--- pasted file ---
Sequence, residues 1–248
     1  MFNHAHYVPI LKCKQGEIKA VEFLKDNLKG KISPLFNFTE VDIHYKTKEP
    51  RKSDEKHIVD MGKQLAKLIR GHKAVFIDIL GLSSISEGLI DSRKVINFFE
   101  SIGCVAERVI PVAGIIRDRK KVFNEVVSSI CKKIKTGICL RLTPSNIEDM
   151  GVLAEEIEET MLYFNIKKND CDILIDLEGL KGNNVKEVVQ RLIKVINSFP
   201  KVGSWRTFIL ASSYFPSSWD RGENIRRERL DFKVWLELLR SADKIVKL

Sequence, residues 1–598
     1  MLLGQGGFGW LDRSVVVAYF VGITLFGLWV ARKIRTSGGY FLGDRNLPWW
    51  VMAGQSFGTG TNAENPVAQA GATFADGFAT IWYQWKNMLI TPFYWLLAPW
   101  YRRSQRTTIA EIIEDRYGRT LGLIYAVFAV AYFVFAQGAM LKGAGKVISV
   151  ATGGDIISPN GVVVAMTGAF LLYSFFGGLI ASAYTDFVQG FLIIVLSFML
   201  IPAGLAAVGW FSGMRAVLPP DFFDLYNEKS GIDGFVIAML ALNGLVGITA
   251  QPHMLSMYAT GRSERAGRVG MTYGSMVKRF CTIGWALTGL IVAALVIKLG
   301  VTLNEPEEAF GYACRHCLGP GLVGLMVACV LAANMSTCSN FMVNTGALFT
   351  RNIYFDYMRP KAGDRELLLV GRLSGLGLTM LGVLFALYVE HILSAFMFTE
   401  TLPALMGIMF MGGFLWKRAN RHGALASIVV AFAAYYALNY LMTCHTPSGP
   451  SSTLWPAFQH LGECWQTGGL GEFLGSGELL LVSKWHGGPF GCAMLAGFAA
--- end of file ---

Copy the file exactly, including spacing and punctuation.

Sequence, residues 1–248
     1  MFNHAHYVPI LKCKQGEIKA VEFLKDNLKG KISPLFNFTE VDIHYKTKEP
    51  RKSDEKHIVD MGKQLAKLIR GHKAVFIDIL GLSSISEGLI DSRKVINFFE
   101  SIGCVAERVI PVAGIIRDRK KVFNEVVSSI CKKIKTGICL RLTPSNIEDM
   151  GVLAEEIEET MLYFNIKKND CDILIDLEGL KGNNVKEVVQ RLIKVINSFP
   201  KVGSWRTFIL ASSYFPSSWD RGENIRRERL DFKVWLELLR SADKIVKL

Sequence, residues 1–598
     1  MLLGQGGFGW LDRSVVVAYF VGITLFGLWV ARKIRTSGGY FLGDRNLPWW
    51  VMAGQSFGTG TNAENPVAQA GATFADGFAT IWYQWKNMLI TPFYWLLAPW
   101  YRRSQRTTIA EIIEDRYGRT LGLIYAVFAV AYFVFAQGAM LKGAGKVISV
   151  ATGGDIISPN GVVVAMTGAF LLYSFFGGLI ASAYTDFVQG FLIIVLSFML
   201  IPAGLAAVGW FSGMRAVLPP DFFDLYNEKS GIDGFVIAML ALNGLVGITA
   251  QPHMLSMYAT GRSERAGRVG MTYGSMVKRF CTIGWALTGL IVAALVIKLG
   301  VTLNEPEEAF GYACRHCLGP GLVGLMVACV LAANMSTCSN FMVNTGALFT
   351  RNIYFDYMRP KAGDRELLLV GRLSGLGLTM LGVLFALYVE HILSAFMFTE
   401  TLPALMGIMF MGGFLWKRAN RHGALASIVV AFAAYYALNY LMTCHTPSGP
   451  SSTLWPAFQH LGECWQTGGL GEFLGSGELL LVSKWHGGPF GCAMLAGFAA